Jump to content

Cat 1 Electronics


Recommended Posts

You're thinking of going offshore. The list has got to the Nav station.

 

So you need:

International communication.

Position via GPS or Celestial

Depth.

 

You'd like:

Weather Information at sea.

Satellite phone.

SSB

A really big Chartplotter.

Radar

AIS

Speed through the water

Wind gear

Automatic steering

Full integration

Lots of redundancy

Complete reliability

Low electrical draw

 

Of course the wind is free so all this should be low budget!

 

Name brand vs Unknown on Trade Me

 

Chart plotter vs Tablet. Boat power vs independent

 

There's a myriad of options now. What's your pick?

Link to post
Share on other sites

You're thinking of going offshore. The list has got to the Nav station.

 

So you need:

International communication.

 

Don't NEED it, but if wife is not aboard she appreciates a text each day, so a satphone as a bit of a luxury.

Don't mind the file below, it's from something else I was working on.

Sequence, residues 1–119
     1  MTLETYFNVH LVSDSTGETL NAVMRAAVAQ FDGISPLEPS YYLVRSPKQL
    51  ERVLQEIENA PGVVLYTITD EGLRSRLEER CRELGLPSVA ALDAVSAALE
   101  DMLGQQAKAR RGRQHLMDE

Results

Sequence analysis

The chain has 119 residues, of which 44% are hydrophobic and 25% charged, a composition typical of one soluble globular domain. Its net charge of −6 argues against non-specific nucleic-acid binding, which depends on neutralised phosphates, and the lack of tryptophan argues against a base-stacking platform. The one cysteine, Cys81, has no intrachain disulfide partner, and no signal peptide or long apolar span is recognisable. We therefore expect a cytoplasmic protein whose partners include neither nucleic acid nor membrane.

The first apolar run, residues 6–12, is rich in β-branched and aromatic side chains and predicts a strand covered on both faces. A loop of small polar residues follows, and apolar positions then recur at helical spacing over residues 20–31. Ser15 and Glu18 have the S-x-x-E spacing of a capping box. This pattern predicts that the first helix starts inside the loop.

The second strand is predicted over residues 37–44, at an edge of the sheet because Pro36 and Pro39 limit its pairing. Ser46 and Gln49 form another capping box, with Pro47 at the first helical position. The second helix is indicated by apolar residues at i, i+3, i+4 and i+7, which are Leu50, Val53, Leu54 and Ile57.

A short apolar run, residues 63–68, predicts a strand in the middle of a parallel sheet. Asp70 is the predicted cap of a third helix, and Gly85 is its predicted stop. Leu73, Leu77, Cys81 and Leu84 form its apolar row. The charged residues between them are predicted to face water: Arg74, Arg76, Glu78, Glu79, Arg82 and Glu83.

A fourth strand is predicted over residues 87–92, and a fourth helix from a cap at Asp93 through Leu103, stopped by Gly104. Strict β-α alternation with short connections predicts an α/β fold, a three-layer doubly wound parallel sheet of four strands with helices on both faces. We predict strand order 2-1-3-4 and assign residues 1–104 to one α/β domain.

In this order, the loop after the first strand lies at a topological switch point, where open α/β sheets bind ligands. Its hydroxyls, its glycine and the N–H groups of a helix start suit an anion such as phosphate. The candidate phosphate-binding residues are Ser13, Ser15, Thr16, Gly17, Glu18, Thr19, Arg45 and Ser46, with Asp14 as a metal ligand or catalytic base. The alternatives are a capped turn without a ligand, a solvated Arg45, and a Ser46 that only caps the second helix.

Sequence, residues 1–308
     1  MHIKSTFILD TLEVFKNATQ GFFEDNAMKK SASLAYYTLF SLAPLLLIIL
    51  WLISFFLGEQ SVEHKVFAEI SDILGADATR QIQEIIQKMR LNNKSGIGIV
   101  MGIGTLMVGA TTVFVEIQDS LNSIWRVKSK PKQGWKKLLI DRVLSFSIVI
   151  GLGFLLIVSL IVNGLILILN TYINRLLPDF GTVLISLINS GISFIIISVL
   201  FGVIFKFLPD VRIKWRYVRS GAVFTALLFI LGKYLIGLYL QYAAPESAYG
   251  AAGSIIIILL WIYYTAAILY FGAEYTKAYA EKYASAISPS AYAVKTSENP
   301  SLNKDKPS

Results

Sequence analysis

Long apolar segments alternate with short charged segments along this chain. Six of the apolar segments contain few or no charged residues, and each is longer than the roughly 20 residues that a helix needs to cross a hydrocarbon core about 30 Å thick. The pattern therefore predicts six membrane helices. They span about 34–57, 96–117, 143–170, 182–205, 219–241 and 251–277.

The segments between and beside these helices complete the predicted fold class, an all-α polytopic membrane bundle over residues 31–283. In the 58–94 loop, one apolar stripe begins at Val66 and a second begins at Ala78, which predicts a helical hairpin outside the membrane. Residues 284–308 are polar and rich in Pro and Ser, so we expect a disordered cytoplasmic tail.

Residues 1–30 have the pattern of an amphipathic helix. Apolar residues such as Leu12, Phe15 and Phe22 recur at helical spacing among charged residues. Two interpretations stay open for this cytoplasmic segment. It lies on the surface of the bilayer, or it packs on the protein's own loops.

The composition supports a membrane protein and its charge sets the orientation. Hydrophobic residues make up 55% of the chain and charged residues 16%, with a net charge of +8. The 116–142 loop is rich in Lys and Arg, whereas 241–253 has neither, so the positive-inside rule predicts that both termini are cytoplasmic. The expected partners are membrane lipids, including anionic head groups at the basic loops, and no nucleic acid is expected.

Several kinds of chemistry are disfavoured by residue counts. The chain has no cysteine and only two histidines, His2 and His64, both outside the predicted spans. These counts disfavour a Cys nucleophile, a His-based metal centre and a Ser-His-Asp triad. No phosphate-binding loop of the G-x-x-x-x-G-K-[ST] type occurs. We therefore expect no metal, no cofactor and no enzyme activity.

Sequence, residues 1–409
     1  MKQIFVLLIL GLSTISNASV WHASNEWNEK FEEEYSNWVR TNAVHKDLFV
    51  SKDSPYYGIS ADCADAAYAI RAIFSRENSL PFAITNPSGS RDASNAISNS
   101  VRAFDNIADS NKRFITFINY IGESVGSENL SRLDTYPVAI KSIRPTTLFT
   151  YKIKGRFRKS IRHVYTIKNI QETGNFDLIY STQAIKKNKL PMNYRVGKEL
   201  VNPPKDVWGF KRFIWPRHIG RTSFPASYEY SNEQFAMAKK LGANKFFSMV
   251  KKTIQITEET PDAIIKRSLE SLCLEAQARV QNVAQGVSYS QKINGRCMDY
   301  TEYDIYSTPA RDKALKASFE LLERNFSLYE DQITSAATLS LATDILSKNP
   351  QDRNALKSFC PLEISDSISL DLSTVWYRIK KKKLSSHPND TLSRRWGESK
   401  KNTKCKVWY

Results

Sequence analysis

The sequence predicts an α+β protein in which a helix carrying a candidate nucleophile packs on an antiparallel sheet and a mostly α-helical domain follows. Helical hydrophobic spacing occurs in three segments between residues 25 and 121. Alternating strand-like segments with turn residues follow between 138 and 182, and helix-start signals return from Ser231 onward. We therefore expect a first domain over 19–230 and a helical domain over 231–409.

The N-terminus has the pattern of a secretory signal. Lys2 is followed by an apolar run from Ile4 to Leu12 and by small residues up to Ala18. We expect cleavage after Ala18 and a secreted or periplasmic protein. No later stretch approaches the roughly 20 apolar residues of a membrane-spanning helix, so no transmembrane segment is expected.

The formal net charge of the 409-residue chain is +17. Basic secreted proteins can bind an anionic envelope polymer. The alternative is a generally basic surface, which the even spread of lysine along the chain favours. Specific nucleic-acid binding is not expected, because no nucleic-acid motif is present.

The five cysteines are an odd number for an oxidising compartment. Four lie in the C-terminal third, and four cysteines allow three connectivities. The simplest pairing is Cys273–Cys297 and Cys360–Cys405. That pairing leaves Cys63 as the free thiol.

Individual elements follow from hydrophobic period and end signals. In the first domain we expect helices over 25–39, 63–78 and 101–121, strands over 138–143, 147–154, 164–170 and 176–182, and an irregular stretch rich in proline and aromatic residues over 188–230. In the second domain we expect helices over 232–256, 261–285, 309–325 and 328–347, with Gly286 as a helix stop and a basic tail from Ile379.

Position via GPS or Celestial

 

I'll have celestial because i already have it, but I'm not silly, GPS is cheap and easy these days, and the boat came with it anyway.

 

Depth.

 

There's one on board so I'll use it, old, but it works.

 

You'd like:

Weather Information at sea.

 

a barometer and a book on weather and clouds

 

Satellite phone.

 

As above

 

SSB

 

Don't want one

 

 

A really big Chartplotter.

 

Open CPN on a laptop

 

 

Radar

 

Not keen enough to run out and buy one

AIS

New to me but could consider it for single handed

Speed through the water

use the GPS

Wind gear

not necessary, but the boat came with it, if it dies of old age it will get tossed

Automatic steering

Critical, whatever you choose don't stint. I like a wind vane but the boat doesn't suit so a big mother grunty under deck auto pilot is what I have, working on charging systems so i can survive engine failure.

Full integration

Sounds like maths

Lots of redundancy

always good

Complete reliability

impossible to achieve but a great goal

Low electrical draw

WInd vane and no radio solves that

 

Of course the wind is free so all this should be low budget!

 

Name brand vs Unknown on Trade Me

 

Chart plotter vs Tablet. Boat power vs independent